I have never seen as many police on the roads around the Conway's as I have lately. Almost every time I am out on West Side Road, River Road, 302 or East Side Road for that matter, I see black and white's. I was coming back toward Cathedral from Bartlett the other morning and I saw a police car coming my way. He went past me and immediately pulled a u-turn, turned on the lights and pulled me over. He stated that I was going almost 50 in the 35 mile zone. Fortunately I only received a written warning. It must have been the climbing gear and NECLMB vanity plate that got me off. That said, I asked how he could know how fast I was going, when he was driving and coming toward me on the other side of the road. He stated that recently the local department had updated all their radar units to be able to handle "closing speed." Apparently this is new to them and they are taking advantage of it to slow people down all over the area. Word to the wise...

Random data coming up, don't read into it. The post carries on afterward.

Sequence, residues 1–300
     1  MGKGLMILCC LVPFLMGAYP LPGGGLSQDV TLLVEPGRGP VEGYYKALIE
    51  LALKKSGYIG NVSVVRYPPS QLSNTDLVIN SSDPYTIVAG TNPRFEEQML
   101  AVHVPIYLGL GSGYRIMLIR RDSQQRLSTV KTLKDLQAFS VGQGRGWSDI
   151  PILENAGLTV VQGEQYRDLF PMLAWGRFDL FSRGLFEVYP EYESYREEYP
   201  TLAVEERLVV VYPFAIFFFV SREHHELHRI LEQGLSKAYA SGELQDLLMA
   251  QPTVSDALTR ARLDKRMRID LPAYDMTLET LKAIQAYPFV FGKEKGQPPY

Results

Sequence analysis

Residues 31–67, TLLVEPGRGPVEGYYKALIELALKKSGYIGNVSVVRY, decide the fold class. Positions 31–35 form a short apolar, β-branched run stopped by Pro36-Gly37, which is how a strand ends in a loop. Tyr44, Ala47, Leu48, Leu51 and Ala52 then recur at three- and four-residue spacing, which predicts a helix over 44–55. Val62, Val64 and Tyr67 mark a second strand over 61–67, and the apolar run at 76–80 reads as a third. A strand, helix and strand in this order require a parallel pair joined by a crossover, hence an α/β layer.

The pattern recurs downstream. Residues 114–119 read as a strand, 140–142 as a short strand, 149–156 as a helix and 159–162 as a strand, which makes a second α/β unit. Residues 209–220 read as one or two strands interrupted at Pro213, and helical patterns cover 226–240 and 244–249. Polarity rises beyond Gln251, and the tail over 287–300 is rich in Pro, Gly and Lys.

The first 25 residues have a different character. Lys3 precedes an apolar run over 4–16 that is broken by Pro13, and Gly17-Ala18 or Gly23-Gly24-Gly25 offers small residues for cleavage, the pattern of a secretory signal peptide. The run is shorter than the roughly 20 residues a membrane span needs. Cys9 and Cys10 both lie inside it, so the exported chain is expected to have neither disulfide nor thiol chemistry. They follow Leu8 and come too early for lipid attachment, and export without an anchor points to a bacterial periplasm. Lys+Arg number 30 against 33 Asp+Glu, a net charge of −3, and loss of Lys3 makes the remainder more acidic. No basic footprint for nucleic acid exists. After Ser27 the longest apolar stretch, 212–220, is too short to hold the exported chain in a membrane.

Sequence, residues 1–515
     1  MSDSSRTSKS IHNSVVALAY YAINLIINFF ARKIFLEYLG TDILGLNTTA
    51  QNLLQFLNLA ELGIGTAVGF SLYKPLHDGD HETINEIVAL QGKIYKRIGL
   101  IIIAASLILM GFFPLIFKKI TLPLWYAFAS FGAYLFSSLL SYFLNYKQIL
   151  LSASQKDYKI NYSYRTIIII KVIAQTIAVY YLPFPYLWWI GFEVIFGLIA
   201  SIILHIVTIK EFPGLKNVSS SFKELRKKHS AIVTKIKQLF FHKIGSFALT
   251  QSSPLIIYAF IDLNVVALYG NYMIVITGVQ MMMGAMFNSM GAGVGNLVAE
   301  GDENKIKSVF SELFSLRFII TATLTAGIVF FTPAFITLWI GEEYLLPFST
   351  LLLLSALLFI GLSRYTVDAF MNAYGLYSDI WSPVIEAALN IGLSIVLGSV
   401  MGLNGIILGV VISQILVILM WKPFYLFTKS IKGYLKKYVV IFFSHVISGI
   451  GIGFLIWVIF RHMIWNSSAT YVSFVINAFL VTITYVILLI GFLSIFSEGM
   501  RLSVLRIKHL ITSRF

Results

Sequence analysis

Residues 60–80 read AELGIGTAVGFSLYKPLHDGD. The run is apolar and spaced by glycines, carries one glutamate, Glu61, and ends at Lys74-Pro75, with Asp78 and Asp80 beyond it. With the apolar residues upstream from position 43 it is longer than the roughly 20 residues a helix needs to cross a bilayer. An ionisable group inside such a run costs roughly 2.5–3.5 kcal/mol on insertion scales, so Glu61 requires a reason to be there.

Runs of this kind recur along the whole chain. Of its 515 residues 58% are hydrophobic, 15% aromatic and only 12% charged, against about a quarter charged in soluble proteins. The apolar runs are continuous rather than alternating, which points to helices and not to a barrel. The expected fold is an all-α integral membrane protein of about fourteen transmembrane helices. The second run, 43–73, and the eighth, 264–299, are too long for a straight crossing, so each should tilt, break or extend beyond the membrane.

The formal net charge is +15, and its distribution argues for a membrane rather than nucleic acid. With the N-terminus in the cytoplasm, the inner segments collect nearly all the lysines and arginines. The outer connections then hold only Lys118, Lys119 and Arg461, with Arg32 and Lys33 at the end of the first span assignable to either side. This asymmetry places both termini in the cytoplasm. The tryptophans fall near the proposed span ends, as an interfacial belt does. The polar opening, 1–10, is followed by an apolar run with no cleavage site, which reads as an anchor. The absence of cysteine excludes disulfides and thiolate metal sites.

CHICKS WITH PICKS 2004 - North Conway, New Hampshire Events:
Chicks with Picks is an all woman's ice climbing clinic that promotes "women climbing with women, for women". To date, we have raised $43,000 for local women's shelters for domestic violence. Clinics are open to women of all abilities and are designed to teach self-reliance through the development of skills in a safe, non-competitive environment. The majority of time is spent on the ice in a three-to-one participant to guide ratio. The focus of the clinic is to learn new techniques, improve current skills, and provide the unique opportunity to learn from the world's top female climbers.